An Australian woman who was told she might never become pregnant says she has given birth to twins conceived 10 days apart.
Kate Hill was receiving hormone treatment for polycystic ovary syndrome, a condition that meant she was not ovulating.
She apparently conceived twins at different times despite only having unprotected sex once during that time.
It is very rare for a woman to conceive a second time when already pregnant.
Most twins are the result of a woman releasing two eggs at the same time, or, less commonly, a fertilised egg subsequently splitting into two.
The twin girls, Charlotte and Olivia, were born 10 months ago with different sizes, weights and gestational development, according to reports.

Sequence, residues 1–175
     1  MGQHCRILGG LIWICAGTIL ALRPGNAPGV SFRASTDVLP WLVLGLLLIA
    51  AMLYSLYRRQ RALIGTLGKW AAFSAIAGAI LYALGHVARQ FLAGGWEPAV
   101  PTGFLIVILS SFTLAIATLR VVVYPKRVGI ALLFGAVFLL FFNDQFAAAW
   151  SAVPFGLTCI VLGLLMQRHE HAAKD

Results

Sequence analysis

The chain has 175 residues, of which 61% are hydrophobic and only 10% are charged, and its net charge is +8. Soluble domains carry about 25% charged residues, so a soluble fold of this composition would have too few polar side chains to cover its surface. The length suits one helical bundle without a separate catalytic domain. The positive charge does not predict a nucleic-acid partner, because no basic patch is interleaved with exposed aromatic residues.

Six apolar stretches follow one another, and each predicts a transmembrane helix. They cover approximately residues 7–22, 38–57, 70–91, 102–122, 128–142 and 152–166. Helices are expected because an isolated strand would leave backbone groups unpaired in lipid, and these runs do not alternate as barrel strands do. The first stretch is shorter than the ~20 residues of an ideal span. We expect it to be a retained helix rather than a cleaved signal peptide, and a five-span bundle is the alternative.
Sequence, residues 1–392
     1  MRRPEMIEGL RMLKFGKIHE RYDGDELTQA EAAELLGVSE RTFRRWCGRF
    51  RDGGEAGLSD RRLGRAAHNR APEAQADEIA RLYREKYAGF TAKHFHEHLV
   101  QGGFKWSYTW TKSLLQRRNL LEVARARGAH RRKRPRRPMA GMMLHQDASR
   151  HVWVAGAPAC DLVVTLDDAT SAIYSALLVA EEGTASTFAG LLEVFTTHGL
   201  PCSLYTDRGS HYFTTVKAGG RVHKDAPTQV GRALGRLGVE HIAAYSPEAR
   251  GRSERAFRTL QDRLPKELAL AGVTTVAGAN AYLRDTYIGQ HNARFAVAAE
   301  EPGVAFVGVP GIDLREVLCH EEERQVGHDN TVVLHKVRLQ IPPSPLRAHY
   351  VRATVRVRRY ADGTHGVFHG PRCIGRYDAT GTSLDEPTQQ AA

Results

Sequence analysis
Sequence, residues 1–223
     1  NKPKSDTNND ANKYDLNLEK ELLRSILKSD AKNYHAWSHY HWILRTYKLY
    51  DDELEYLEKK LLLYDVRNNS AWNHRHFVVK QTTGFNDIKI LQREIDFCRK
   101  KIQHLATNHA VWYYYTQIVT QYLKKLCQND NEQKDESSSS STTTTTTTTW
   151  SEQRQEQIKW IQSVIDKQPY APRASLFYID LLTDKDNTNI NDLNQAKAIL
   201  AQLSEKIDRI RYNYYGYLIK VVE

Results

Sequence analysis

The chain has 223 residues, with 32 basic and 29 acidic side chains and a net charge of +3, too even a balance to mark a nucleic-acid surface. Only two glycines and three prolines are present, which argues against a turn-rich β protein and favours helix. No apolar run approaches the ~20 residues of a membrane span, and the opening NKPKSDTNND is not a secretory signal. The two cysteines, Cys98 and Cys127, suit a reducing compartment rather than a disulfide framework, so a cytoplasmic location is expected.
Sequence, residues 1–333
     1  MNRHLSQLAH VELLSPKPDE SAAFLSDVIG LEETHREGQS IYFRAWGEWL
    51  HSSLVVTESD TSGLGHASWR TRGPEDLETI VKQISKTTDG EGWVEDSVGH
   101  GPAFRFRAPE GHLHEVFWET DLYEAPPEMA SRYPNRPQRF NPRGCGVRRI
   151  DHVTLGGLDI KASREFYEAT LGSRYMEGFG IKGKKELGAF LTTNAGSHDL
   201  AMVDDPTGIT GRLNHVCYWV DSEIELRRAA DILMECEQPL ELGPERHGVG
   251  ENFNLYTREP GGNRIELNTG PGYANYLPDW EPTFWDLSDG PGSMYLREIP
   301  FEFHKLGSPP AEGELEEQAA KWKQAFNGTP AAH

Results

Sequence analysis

"We actually did not realise how special that was until they were born," Mrs Hill told Australia's Seven Network.
Pregnancy normally stops the monthly cycle of ovulation but very rarely a woman can release another egg after conceiving. If this is fertilised it could also implant and develop into a healthy pregnancy.
It is believed only 10 cases of the phenomenon, known as superfetation, have been documented across the world.
Speaking about the rare conception, Mrs Hill's husband Peter joked: "Hole in one, maybe."
The couple's obstetrician Brad Armstrong said the condition was so rare he was forced to search for it online. "I could not find any literature in the medical review websites at all," he said.